with RV tire expert Roger Marble
“I bleed off the high air pressure so I don’t exceed the ‘Max Pressure’.”
The above statement or a variation of it seems to be made about once a week on one or another of the various RV forums I frequently review. It appears that many people incorrectly believe that exceeding the “Max Pressure” number molded on the tire sidewall is going to result in tire failure and explosion.
It may help to let people know about some of the testings that tires undergo during the development phase.
First, some background. The “Max Inflation” statement on your tire sidewall really is the inflation associated with the Maximum Load capacity. If you actually read your tire sidewall you will see that is what it says. So the number of PSI is really the minimum needed to support the stated load.
It is important to understand that we are always talking about the “cold” inflation and not the inflation of a tire that is running down the highway or has been in direct sunlight or driven on in the prior couple of hours. “Cold” inflation does not mean the tire needs to be refrigerated but it means the tire is at the prevailing ambient temperature.
With the introduction of aftermarket TPMS that report both tire pressure and the temperature of the sensor, people are now being exposed to numbers they have no experience with. They see tire pressure rising as they drive down the highway. Some may see a 10% rise in pressure from the pressure they set their tires to just a half-hour earlier. Others may see a 20% or even a 25% increase in pressure and for some, this increase was a cause for concern – not because they had any working knowledge of tire operating temperature or pressure but simply because the pressure was higher than they expected.
A few people have decided that they need to bleed down the high pressure because they thought the pressure number of the tire sidewall was the max it should ever see. Of course, the action of bleeding down the hot pressure was exactly the wrong thing to do, as that meant that the tire would no longer be operating at the pressures expected by the tire engineer when they originally designed and tested the tire specification.
Obviously, this raises the question of how much pressure a tire can tolerate before the owner should be concerned. Well, I am going to give you some numbers but these are only examples. I cannot speak for every tire company’s process of specifications, but if we start with a few guidelines I think you can get comfortable and, hopefully, you will believe that tire design engineers do have a reasonable idea of what they are doing.
First off, we are only going to discuss regular production street tires that have passed DOT testing. The numbers I will use would basically be seen on new tires. I cannot advise on a tire’s capability after it has been damaged or run for many thousands of miles. Damaged tires can fail when reinflated, as seen in THIS video.
Heavy truck multi-piece rims MUST be inflated in a safety cage. If you suffered a puncture and drove any distance with the tire underinflated you may have permanently damaged the body cords, which is why you should always tell the tire service person you drove on the underinflated tire so they know to use a cage or other restraining safety equipment.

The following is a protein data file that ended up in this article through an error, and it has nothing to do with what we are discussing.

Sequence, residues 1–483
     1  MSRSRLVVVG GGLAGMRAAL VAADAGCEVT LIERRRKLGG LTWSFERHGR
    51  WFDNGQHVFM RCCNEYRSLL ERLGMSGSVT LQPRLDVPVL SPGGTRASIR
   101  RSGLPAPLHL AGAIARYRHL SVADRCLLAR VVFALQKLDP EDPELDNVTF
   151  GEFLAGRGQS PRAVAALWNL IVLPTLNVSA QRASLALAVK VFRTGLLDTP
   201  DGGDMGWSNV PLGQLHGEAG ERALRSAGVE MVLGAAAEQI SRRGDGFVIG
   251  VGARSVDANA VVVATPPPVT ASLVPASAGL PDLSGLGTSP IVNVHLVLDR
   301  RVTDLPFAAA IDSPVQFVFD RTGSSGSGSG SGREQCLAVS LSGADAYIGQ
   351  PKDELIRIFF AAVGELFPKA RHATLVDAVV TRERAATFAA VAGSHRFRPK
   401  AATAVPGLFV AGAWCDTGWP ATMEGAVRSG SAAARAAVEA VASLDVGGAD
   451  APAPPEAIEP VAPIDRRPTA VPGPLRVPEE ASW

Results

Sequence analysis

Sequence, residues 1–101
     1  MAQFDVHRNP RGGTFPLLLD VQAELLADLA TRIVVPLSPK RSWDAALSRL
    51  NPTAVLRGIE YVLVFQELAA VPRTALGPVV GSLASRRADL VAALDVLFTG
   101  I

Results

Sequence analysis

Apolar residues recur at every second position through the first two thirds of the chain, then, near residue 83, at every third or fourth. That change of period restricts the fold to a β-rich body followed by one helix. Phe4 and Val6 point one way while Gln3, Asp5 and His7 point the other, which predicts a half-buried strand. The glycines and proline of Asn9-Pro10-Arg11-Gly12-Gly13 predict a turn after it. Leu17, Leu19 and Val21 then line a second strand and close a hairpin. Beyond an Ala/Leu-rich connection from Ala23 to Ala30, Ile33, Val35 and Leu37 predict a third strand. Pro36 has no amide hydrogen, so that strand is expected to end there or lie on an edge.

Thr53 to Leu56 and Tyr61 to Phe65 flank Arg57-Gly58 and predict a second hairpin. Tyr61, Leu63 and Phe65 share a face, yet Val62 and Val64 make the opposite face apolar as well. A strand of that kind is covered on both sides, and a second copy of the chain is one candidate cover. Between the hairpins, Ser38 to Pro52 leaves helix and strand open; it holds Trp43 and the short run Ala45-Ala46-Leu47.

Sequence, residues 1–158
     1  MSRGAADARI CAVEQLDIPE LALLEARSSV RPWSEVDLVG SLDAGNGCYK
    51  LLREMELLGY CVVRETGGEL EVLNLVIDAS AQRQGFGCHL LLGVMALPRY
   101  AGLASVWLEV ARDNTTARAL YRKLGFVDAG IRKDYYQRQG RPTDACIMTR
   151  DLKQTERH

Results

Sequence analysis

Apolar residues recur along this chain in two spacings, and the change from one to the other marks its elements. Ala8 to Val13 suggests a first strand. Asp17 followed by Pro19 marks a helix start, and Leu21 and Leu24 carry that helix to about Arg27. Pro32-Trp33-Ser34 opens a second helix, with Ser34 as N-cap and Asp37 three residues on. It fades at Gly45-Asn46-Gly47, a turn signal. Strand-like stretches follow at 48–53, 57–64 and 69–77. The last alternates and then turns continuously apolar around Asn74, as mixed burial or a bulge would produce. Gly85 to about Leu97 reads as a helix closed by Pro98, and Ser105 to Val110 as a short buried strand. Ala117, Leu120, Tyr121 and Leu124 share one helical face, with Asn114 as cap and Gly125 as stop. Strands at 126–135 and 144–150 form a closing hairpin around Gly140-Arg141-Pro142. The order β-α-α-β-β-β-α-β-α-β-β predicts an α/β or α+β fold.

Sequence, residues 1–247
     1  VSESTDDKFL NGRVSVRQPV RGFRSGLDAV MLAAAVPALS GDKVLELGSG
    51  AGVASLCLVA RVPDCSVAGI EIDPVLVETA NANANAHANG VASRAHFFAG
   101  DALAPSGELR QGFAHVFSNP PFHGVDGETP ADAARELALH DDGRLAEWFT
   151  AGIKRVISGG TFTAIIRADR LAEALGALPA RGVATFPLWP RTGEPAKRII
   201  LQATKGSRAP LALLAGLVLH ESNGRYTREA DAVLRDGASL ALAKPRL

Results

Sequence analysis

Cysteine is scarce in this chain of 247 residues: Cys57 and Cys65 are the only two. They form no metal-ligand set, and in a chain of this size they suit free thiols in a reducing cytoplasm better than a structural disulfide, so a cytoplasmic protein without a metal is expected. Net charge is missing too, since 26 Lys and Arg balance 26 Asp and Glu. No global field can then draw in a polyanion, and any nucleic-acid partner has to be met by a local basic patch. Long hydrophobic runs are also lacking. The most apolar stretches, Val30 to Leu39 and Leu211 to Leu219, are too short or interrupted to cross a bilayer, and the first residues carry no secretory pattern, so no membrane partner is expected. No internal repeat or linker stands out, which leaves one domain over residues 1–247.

Age and miles can reduce the strength of any tire but we do consider this degradation when approving a design.
Another consideration is the availability of high-pressure air. Most home compressors or those that supply air to hoses made available to consumers have an upper limit of about 150 psi, so we don’t expect any consumer to have access to or to use industrial air pressure, which can be 400 psi or even special inflation units as used on aircraft tires.
Basically, many tires are tested to 300 to 400% of their rated inflation or above 200 psi – whichever is lower. I had a number of tires that could contain over 300 psi when new but if they had been damaged the same tire might fail at less than 200 psi. But I also never, in my 40 years in the tire industry, saw a tire fail from normal pressure increase – and I was involved in the testing and evaluation of thousands of tires.
The BOTTOM LINE is please do not bleed down your hot inflation pressure. You should ONLY set and adjust inflation when the tire is cool and at ambient temperature. Doing otherwise MAY result in your tire having a failure days or weeks later because you were running lower pressure than what was needed for the tire load you were applying.
Read more from Roger Marble on his blog at RVtiresafety.net or on RVtravel.com.
I do not understand all the fuss over RV tire pressures. Why not just weigh the coach and inflate to tire manufacturers’ specs and move on. Don’t these owners have cars with tires??
Rick, With the advent of TPMS people now are seeing their current tire pressure. Most cars do not report running tire pressure so few people realized that pressure changes. Now that the numbers and even the temperatures are showing they get worried because they have no experience with the normal variations seen on the display.
Get a good quality TPMS system for both your RV or Tow Vehicle and RV!
Best investment you can spend the money on!
As always ,Roger puts the information on tires in a way that is easy to understand .So many people blame their tire failures on “China Bombs” and don’t understand that it might be their own actions and not the tire that is responsible for failure.
Thank you for this information … I don’t bleed down, but this explained a lot about how I should maintain my tire pressure.